Reddit has just published figures showing that its page views tripled last year, from 250 million in January to 829 million in December. The site benefited from Digg's awful redesign, which sent many users looking for a new home to share and comment on the latest links. However, Reddit users also engaged in some spectacular community efforts, including the world's largest Secret Santa program. The site raised $185,356.70 for Haiti and $601,269 for DonorsChoose, which is the sort of thing that helps foster pride in belonging.
There are several social sites in this area, including Reddit, Digg, Slashdot, Metafilter and 4Chan. Each has its own niche. However, Reddit has a broader and more inclusive appeal, which should enable it to keep expanding its audience.
Quora is another social site that's attracting a lot of attention nowadays, particularly from Twitter users. It's a question-and-answer site intended to encourage longer and better answers than the current market leader, Yahoo Answers, or the more specialised Stack Exchange (based on Stack Overflow).
Quora was founded in 2009, opened a private beta in January 2010, and launched in June. It now has something short of half a million users, but the main attraction is the quality of the users answering questions on the site. Fast Company summed it up on Monday:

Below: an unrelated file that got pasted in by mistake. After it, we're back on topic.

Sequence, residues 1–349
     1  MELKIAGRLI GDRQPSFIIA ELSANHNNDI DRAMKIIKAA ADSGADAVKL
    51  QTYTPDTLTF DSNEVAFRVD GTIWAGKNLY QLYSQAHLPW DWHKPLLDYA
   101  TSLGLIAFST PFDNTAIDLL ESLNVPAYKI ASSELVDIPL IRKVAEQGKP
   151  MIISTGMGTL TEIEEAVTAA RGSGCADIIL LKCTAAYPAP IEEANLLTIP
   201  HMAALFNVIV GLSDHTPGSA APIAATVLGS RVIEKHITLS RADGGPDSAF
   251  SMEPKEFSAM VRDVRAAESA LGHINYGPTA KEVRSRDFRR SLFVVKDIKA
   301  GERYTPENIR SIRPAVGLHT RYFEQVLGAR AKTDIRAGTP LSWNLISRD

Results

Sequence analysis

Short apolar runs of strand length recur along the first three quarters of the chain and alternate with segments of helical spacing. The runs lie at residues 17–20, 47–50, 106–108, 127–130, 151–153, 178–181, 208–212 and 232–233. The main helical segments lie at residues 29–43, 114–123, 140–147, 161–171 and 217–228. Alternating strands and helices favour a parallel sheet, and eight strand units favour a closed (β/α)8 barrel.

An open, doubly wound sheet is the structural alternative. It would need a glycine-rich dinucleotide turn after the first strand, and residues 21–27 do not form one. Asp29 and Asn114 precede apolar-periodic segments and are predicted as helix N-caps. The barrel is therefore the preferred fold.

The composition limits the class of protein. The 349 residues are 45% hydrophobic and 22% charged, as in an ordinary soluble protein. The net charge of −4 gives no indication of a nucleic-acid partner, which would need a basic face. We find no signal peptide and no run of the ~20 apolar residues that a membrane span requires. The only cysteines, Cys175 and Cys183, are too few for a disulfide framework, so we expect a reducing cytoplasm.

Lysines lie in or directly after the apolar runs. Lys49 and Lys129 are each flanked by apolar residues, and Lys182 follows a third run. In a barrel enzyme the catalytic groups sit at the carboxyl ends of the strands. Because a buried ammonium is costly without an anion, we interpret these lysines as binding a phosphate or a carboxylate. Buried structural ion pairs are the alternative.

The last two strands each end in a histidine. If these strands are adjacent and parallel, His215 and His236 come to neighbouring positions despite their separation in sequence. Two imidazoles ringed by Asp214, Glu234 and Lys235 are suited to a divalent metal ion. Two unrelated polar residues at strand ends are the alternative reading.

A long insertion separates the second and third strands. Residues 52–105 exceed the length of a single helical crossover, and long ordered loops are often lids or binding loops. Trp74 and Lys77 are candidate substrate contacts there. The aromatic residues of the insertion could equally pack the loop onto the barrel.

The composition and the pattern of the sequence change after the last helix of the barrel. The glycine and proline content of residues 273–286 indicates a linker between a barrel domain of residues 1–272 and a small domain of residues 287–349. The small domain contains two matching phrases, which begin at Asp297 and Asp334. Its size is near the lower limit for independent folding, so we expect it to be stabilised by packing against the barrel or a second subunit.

Facebook co-founder Dustin Moskovitz offers his opinion of the movie The Social Network. Google Images product manager Nate Smith explains how color image search works. Foursquare's head of business development talks about what it's like to work for founder Dennis Crowley. Twitter's Pierre Legrain explains the cost-per-follow principle for Promoted Accounts. And AOL co-founder Steve Case answers how much it cost to mail everyone those CDs back in the 1990s.
Over Christmas, blogger Robert Scoble made a good case for the site when asking: Is Quora the biggest blogging innovation in 10 years?. This prompted me to sign up, and may have prompted a mini-boom.
The question for both Reddit and Quora is whether they can retain their value after they start to attract spammers, trolls and the great ignoranti. Reddit has a system of up- and down-voting and enough intelligent users to discourage or bury the sort of ranting bigotry that makes Digg, YouTube and some other sites monuments to human stupidity. Quora also lets users vote answers up and down, and flag bad ones as Not Helpful. It also has a "follower" system, like Twitter, so you can block people after they have left a few low-quality comments. Whether that will be enough remains to be seen.